The cart’s chair can swivel to either side allowing its driver to swing a club without leaving their seat.

Kevin Hughes, 37, was born with spina bifida and uses a wheelchair. He was 26 when he first went to a driving range with his father. The results were less than stellar.

“I had no suitable apparatus, just regular clubs, and as athletic and strong as I think I am, the ball went 30 feet, if that. It was quite a struggle,” Hughes said.

Trolleys and clubs

He didn’t think about golf until years later when he worked for an adaptive sports organization called Turnstone in Fort Wayne, Indiana, where he is now a director.

It was there that he got his hands on a set of clubs with movable joints that can be placed at a better angle for a player in a seated position. The right equipment made a big difference.

Hughes can hit a ball 150 yards using these clubs. Turnstone also introduced him to adaptive carts. The ADA requires government-owned yards to be modified and properly equipped, but such vehicles are rare where he lives.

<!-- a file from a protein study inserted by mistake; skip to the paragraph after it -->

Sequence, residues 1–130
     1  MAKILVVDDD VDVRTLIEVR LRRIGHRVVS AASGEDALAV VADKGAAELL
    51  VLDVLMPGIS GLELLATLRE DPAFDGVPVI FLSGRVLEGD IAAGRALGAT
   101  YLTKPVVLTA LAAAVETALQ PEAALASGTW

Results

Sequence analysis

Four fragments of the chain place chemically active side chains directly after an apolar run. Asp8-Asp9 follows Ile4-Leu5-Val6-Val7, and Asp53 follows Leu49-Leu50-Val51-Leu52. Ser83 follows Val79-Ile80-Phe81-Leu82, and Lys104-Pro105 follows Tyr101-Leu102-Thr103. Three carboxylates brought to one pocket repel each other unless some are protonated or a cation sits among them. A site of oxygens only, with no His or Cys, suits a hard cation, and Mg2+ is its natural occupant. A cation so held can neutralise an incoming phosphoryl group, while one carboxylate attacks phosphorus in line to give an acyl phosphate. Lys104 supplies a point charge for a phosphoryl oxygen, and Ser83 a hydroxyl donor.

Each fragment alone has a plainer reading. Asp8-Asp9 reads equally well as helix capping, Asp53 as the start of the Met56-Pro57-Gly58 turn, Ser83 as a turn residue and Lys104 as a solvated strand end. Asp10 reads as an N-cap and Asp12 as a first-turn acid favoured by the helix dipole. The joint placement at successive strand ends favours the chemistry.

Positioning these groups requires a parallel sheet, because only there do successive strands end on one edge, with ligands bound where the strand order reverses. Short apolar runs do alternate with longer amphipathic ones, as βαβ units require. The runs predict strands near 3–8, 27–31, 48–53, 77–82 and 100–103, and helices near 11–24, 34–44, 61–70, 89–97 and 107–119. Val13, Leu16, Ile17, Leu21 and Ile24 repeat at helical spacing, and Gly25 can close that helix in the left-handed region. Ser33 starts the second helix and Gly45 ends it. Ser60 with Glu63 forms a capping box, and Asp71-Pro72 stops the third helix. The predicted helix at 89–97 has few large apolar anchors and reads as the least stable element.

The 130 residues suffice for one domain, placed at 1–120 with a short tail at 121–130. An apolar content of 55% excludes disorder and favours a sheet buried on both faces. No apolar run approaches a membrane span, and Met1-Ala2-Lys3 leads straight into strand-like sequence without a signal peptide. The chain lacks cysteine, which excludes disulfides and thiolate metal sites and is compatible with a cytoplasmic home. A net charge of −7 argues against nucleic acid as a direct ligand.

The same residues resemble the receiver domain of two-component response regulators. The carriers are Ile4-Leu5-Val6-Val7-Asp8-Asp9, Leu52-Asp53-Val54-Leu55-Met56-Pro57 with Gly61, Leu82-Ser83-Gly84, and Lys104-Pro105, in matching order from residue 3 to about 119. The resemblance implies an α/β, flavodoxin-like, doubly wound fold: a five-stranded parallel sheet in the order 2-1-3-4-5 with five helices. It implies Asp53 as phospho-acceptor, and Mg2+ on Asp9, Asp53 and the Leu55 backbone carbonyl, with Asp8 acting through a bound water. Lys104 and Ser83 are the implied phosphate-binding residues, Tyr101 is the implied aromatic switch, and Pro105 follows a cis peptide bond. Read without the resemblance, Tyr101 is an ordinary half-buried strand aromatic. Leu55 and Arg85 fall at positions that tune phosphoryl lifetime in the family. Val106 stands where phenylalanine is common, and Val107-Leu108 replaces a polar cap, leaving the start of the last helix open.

The carts, made by companies such as SoloRider and Golf Xpress, cost between $7,000 and $10,000.. Turnstone went 50/50 with the Fort Wayne Parks Department to purchase one.

Playing sports allowed Hughes to meet “more people like me,” he said. “My wheelchair basketball coach uses a wheelchair and has a family and a full-time job. It pushed me and showed me what normal is. It could be me. It really opened my eyes. »

Public courts are required to make accommodations under Title Two of the ADA. Anyone who thinks a course is discriminatory can seek help from the federal Department of Justice, Botten said.